No workers, no offices: The virtual company

Bob Aldrich, a 30-year veteran of the energy business, had plans for a small, innovative electric generator that could power shopping malls and corporate campuses. There was just one problem: potential customers wouldn't give him a contract until he had a factory to build the generators, and he couldn't get financing to build a factory until he signed a customer.

Aldrich's solution? Create a virtual company.

In mid February, Aldrich, chief executive officer of Dirigo Energy Institute Inc., a startup utility, helped launch another firm to manufacture 27 of the generators this year. The first unit is scheduled to roll off the production line in June. What makes this still-unnamed company so distinctive is that it has no offices, no workers and no factories. Instead, all its production will be done by six manufacturers that will each get a stake in the venture.

This is no shell corporation. While a shell is a way of hiding a business practice, a virtual company is meant to produce goods - in this case generators - that the participants wouldn't necessarily make on their own. Making this virtual company possible is a young business called G5 Technologies Inc., based in Cherry Hill, New Jersey, with added support from IBM Corp. G5 specializes in pulling together the expertise and excess capacity of small and midsize manufacturers to create virtual companies that can compete for big contracts. Aldrich worked closely with G5 and says he would have had a much more difficult time getting the new venture off the ground without the company.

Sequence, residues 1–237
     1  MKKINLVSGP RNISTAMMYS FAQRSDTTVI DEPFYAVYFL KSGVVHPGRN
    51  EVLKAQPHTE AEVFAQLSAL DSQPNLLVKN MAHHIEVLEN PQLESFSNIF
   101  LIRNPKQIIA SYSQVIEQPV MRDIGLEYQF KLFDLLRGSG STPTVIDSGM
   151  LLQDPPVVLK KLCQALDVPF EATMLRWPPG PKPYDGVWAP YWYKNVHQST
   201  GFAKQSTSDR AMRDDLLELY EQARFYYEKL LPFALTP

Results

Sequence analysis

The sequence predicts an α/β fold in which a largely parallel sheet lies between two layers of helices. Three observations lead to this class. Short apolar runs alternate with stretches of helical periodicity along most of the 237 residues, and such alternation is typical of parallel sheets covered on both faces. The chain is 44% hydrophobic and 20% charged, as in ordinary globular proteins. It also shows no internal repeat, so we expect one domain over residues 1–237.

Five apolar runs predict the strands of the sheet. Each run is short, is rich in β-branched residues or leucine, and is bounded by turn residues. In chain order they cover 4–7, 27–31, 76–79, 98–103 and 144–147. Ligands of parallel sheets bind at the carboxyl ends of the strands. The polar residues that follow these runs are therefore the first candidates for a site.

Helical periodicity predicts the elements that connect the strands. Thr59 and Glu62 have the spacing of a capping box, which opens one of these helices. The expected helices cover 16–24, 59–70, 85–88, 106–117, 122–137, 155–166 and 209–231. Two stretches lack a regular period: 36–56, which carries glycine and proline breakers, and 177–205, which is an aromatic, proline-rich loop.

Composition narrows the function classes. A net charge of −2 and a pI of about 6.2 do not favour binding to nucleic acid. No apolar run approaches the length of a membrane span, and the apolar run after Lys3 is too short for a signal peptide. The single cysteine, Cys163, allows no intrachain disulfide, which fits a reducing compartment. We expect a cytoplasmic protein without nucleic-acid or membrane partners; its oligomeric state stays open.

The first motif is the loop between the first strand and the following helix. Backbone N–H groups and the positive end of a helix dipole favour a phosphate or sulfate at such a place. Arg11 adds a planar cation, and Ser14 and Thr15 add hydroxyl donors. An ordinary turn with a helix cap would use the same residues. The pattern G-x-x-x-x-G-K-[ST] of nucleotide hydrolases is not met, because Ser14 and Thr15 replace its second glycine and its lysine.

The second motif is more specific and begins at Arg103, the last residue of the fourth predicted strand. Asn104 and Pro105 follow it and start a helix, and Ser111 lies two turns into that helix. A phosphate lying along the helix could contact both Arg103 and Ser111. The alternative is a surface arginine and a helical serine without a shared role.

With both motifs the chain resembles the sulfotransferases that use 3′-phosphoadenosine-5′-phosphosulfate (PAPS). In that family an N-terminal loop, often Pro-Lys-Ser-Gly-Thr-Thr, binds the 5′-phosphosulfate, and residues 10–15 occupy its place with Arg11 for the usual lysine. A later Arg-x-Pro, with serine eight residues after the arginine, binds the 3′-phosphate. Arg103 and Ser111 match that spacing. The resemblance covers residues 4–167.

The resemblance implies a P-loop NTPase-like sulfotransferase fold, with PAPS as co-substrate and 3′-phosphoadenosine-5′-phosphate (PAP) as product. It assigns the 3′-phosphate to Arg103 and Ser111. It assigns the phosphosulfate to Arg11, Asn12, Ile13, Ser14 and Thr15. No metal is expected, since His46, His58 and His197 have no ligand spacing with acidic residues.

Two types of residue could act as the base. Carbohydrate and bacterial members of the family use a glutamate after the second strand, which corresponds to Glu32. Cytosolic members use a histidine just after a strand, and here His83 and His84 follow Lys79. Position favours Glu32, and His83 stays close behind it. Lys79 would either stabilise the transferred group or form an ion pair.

The concept of virtual companies isn't new, but until now the technology wasn't available to create them profitably and on a large scale. G5 can trace its roots to 1994, when the Defense Department joined with a venture unit of the Pennsylvania state government to create G5's precursor, a project called Agile Web. That company soon hired Bill Adams, a former senior executive at General Electric and Lockheed Martin who had experience managing large contracts. As Agile's director, he helped the firm gather information on small, struggling manufacturers that did everything from industrial design to assembly. When a market opportunity arose, Agile bid on the contract, using the capabilities and excess capacity of each company. On several occasions, when its bids were accepted, it then formed virtual companies - legal entities in which each manufacturer has equity - to make the goods.

Still, Adams realized that Agile Web, which did much of its work manually, was not agile enough. Last year, he and three partners raised US$5 million, formed G5 and bought Agile Web. Since then, they have teamed with IBM to automate the process of creating virtual companies. The aim is to put information about the capabilities of manufacturing firms into a database and use artificial intelligence to figure how they could form a virtual company to address a market need.

IBM, incidentally, is not only a G5 partner, it's also looking to help its suppliers form virtual companies. Big Blue just finished testing its Virtual Enterprise Builder and plans to bundle it into its existing e-business offerings.

Setting up virtual companies isn't a piece of cake. Small manufacturers are loath to share their expertise with anyone, and larger ones will try to corner big opportunities for themselves.

Aldrich couldn't have manufactured his generators without the virtual company. Before signing on with G5, he had talked to several large manufacturers about the order, but they all gave him the brush-off. Had he decided to build his own factory, he'd have had to shell out $10 million. And that's more of a commitment than he ever wanted to make.

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